Milton Bradley a hot property

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Yeah, I did a double take too, but check out what FOX’s Ken Rosenthal is reporting:

Multiple teams are in contact the Cubs about outfielder Milton Bradley, with one source saying, “You would be shocked at the level of interest.”  The Cubs remain confident that they can trade Bradley without assuming the vast majority of the $21 million remaining on his contract over the next two years.

I guess this all turns on the definition of “vast majority.”  Is that 60%? 75%?  There’s probably no way you take Bradley if you have to pay him $10-$12 million, but if you’re a team that could use a DH, would you go for $6 million? $7 million?  That’s a closer call, especially considering that it buys you two years of what could very well be above-average production.  At that amount, most teams could simply cut Bradley and eat the money without too much heartburn if he acts like a knucklehead.  And it may be just on the good side of the Cubs’ “vast majority” line.

My friend Rob Neyer is fond of saying that teams don’t trade players. They trade contracts.  A contract at $3-$4m a year for a decent bat is worth trading for, even if that contract and bat are attached to Milton Bradley.

The Angels were the first team to use up all of their mound visits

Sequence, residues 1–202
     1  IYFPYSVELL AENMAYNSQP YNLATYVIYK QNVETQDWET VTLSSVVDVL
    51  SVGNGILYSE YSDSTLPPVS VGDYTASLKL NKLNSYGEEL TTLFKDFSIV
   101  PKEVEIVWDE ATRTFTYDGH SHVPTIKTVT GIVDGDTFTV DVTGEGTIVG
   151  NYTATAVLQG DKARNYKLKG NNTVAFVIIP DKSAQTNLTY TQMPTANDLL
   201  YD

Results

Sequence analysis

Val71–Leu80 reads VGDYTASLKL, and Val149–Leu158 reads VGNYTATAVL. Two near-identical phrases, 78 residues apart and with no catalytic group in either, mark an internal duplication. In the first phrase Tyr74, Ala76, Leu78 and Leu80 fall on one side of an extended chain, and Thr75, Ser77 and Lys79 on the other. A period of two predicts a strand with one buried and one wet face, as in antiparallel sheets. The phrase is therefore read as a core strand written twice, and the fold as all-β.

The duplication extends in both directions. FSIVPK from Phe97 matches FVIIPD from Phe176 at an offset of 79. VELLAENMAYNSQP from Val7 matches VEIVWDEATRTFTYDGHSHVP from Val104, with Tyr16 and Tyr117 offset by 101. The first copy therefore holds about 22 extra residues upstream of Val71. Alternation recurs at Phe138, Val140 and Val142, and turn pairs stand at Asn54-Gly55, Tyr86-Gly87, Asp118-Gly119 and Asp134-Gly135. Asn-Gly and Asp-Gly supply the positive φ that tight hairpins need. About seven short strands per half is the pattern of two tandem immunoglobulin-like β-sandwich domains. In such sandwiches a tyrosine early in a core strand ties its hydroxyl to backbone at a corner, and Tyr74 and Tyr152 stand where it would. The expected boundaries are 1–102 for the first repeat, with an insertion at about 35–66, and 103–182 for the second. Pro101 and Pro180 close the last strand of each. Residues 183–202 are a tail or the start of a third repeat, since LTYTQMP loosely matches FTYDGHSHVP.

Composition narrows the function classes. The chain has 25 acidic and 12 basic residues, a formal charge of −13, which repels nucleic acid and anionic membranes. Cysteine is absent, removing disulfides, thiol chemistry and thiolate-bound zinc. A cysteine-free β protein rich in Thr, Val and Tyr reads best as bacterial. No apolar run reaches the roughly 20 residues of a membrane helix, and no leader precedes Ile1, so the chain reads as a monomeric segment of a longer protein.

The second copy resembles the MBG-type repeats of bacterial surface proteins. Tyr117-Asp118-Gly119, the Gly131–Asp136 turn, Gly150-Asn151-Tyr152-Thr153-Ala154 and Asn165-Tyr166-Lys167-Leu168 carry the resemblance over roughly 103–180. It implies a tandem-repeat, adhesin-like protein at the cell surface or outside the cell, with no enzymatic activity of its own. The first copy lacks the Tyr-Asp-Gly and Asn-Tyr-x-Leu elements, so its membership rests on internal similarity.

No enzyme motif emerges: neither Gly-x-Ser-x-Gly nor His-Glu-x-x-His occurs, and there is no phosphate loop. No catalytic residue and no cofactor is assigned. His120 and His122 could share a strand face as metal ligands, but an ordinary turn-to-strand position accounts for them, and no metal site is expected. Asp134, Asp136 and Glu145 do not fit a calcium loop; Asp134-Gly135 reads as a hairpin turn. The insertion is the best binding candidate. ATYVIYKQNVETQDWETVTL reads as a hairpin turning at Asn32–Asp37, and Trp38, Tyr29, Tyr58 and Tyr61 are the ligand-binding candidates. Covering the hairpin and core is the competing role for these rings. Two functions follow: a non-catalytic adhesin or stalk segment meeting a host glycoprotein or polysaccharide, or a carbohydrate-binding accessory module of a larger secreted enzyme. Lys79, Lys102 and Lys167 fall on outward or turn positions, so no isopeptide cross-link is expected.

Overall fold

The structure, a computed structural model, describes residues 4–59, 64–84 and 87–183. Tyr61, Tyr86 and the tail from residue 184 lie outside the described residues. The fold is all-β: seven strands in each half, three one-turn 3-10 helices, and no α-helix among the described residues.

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Last night’s Angels-Astros game was a long affair with a bunch of homers and the use of 11 pitchers in all. The Angels used six pitchers and all of that business led to plenty of conferences. Six, in fact, which is their allotment under the new rule capping mound visits. As far as I can tell, that makes the Angels the first team to use up all of their mound visits since the advent of the rule.

Sadly, they did not try to go for a seventh, thereby testing the currently unknown limits of the rule. Umpires have been instructed to not allow additional mound visits, but they cannot issue balls or tackle anyone or anything to enforce it. Presumably, if Maldonado had walked out to talk to Cam Bedrosian about the weather or where he was going to dinner after the game, the home plate umpire would’ve simply done the old Robin Williams English policeman’s bit of yelling “Stop! . . . or I shall yell ‘Stop!’ again!” Maybe a fine would issue later, but we’ll never know.

At least until someone breaks the limit. And we know someone will, right? We should have a betting pool on who does it.